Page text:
The fourth paragraph in the Post story, which mentions that Smith attended Manhattan GOP Chairman Dan Isaacs’ holiday party last night, tells you pretty much all you need to know about the Queens Democrat’s motivations.
Smith wants to run in the 2013 race for mayor of New York City.
But the Democratic field is already very crowded – so crowded, in fact, that a candidate with far less political baggage than the senator, Manhattan Borough President (and former Assemblyman) Scott Stringer, recently decided to drop down into the comptroller’s race instead.
So, what’s an aspiring outer borough Democrat with big dreams to do? Why, follow the Bloomberg model and cozy up to the Republicans, of course.
Every four years, the NYC Republicans, who are vastly outnumbered by the Democrats in terms of enrollment, become political VIPs, thanks to New York’s unusual allowance for cross-ballot endorsements.
Also, despite the Democrats’ dominance in the Big Apple, no Democrat has won the mayoralty since David Dinkins in 1989.
Billionaire Bloomberg changed his registration from Democrat to Republican in advance of the 2001 mayor’s race and ran on the GOP line, winning with an assist from the NYC Independence Party.
Now Smith is wooing the five NYC GOP county chairs in hopes that they’ll grant him what’s known as a Wilson Pakula (formal permission to run on their ballot line) next fall.
He hasn’t gone so far as to change his enrollment, however, like two other mayoral contenders – Doe Fund founder George McDonald and Manhattan Media CEO Tom Allon (who took a page from the old Rudy Giuliani playbook and has also allied with the Liberal Party, though it doesn’t have an automatic ballot line, thanks, oddly to now-Gov. Andrew Cuomo’s failed gubernatorial bid in 2002).
Also in the mix is supermarket mogul John Catsimatidis, a man who calls himself a “reformed Clinton Democrat.”
He switched to the GOP in advance of a never-realized 2009 run for mayor, which he scuttled when Bloomberg announced his successful push to change term limits so he could seek re-election.
Catsimatidis, whose daughter, Andrea, is married to the son of state GOP Chairman Ed Cox, Chris; has long held himself out as the default GOP candidate for mayor. Today we learn that he’s forming an exploratory committee for a potential 2013 run.
And let’s not forget MTA Chairman Joe Lhota, a registered Republican whose stock has risen considerably since his able leadership of the aged transportation authority in the wake of Sandy.
A number of GOP leaders – including Giuliani, under whom Lhota once served as a top deputy – are now urging the transit chief to run for mayor.
Bona fide registered Republicans do not need permission to run on Row B. So, it looks like the GOP is potentially headed for a mayoral primary next year – much to the chagrin of its county leaders.
The leaders’ flavor of the month is former Bronx Borough President Adolfo Carrion, who once mulled a mayoral bid of his own, dropped to the 2009 comptroller’s race instead, and then finally scuttled the whole thing and departed NYC altogether for a job with the Obama administration.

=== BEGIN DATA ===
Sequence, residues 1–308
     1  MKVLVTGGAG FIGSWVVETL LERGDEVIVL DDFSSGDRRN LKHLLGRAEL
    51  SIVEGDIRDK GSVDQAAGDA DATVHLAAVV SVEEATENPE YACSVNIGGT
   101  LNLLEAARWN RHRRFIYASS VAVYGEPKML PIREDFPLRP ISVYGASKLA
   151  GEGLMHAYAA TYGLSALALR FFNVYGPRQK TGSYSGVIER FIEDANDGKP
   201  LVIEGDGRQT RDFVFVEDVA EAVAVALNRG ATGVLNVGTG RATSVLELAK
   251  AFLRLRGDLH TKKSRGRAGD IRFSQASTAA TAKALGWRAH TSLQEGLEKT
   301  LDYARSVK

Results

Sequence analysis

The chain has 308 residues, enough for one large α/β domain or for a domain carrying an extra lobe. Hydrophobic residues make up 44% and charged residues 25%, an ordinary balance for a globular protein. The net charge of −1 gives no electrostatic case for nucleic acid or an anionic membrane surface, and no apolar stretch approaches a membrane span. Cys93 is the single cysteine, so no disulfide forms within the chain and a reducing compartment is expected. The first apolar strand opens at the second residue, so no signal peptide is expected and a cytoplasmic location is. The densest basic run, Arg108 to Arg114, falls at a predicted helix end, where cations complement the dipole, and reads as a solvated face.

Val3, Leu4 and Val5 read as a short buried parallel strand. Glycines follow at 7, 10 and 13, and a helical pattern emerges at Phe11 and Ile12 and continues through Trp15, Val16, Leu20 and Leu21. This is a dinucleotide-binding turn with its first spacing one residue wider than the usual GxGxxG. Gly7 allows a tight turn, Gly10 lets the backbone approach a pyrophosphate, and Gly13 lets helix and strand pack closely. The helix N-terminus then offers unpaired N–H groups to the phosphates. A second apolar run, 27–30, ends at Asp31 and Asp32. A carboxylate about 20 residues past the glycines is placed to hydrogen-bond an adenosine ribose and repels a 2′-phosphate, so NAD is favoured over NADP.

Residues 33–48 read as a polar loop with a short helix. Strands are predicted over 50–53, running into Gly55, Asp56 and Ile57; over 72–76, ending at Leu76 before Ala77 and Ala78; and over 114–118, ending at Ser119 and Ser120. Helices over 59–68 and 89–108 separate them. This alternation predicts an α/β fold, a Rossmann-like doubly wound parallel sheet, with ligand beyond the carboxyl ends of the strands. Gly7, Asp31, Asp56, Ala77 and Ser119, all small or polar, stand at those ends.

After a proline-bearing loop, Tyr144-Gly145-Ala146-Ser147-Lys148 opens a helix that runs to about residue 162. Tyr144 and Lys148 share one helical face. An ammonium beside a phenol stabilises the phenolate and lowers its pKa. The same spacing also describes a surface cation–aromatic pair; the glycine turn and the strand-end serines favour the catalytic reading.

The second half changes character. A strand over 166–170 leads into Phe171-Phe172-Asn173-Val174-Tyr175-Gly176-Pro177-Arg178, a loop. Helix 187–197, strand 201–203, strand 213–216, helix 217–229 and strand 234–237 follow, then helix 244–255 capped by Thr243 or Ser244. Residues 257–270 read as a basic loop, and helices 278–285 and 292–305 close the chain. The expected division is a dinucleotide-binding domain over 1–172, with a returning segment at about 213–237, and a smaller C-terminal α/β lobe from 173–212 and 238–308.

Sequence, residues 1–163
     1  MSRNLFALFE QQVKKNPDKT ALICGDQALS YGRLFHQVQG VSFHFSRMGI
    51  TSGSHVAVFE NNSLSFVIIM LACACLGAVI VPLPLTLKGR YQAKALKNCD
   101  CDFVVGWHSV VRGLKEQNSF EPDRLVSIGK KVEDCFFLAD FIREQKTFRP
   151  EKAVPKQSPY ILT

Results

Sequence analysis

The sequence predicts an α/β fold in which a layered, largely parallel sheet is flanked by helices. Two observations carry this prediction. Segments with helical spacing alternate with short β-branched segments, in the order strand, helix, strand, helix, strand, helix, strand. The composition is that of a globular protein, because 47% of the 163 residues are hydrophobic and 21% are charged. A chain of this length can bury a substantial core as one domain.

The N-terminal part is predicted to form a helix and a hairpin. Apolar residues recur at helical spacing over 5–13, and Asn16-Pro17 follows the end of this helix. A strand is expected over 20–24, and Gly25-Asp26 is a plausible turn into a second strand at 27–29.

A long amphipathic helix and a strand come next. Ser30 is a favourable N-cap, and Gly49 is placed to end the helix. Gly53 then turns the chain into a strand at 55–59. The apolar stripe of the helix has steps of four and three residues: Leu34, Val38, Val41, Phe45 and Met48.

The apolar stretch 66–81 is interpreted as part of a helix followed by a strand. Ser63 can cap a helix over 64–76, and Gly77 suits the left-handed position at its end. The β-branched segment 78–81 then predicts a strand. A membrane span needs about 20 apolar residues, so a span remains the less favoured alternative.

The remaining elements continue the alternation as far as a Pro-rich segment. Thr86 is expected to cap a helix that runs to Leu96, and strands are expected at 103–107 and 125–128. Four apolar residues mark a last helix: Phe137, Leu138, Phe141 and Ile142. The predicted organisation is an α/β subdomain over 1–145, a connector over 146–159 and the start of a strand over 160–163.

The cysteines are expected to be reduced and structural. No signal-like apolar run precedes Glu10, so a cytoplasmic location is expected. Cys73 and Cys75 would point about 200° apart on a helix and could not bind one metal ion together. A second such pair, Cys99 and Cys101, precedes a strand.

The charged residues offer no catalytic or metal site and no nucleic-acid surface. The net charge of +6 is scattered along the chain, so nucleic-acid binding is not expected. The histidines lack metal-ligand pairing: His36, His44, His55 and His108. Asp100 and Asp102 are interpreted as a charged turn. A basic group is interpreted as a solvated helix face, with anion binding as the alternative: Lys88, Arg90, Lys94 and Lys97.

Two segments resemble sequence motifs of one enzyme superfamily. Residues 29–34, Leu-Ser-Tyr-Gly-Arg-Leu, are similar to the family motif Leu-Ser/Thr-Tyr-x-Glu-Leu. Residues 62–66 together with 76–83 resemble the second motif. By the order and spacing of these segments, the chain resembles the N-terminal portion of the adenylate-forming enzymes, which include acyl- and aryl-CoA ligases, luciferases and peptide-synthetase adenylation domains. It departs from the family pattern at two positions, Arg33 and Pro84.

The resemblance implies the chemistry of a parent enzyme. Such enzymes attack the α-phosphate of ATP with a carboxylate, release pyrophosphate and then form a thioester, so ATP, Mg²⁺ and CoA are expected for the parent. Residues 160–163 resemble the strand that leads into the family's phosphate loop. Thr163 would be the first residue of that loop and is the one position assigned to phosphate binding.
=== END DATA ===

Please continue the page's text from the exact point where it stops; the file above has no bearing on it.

Now Carrion is back, and he has changed his enrollment from Democrat to small-i independent, which, by the way, is where Bloomberg finally ended up.
Meanwhile, Carrion’s fellow Democrats have more or less pledged to destroy him if he goes through with this plan, saying there’s no path to victory for him in the general election.
So, where does all this leave Smith?
He clearly wants to curry favor with the Republicans, and helping to keep them in power in the Senate – their last toehold in state government – certainly would win him Brownie points. But he’s not quite willing to go all the way, like Senator-elect Simcha Felder, and caucus with the GOP outright.
Joining the IDC seems like a happy medium, given the conference’s current effort to form a so-called “coalition” government in the Senate that would – at the very least – deny their fellow Democrats control of the chamber.
This much is certain: Without Smith, Felder and the four original IDC members, there is simply no way for the Democrats to get to the magic 32 number necessary to control the chamber – even if Cecilia Tkaczyk manages to eke out a win in the 46th Senate District.
So, though it may have seemed unthinkable just yesterday, the Senate mess is even messier than before. And, ironically, that’s something Smith is all too familiar with.
After the Democrats’ big win in 2008, the so-called “Four Amigos” or “Gang of Four” – Sens. Carl Kruger, Hiram Monserrate, Pedro Espada Jr. and Ruben Diaz Sr. – held Smith hostage, refusing to back him for majority leader until he gave them what they wanted. (Committee chairmanships that came with lulus, mostly).
Smith also was in charge when Monserrate and Espada bolted the Democratic conference, sparking the infamous Senate coup of 2009. He lost his power as a result, retaining the title of temporary president of the Senate – in which his last big move was to appoint Espada majority leader. John Sampson became Democratic leader and assumed control of the day-to-day operation of the conference.
Smith has been a back bencher ever since. And now, clearly, he’s trying to breathe some new life into his career. His official rationale, according to his spokesman, Hank Sheinkopf, (who also, interestingly, was a consultant to the ill-fated AEG Aqueduct VLT bid), is as follows:
“Senator Smith supports the bipartisan coalition that will allow Albany to function and provide real results…(He) knows firsthand what happens when government doesn’t function.”
No official word yet from the IDC about Smith’s imminent joining of their club. It will be interesting to see how they spin this, since he was once a part of the very leadership team they deemed so dysfunctional.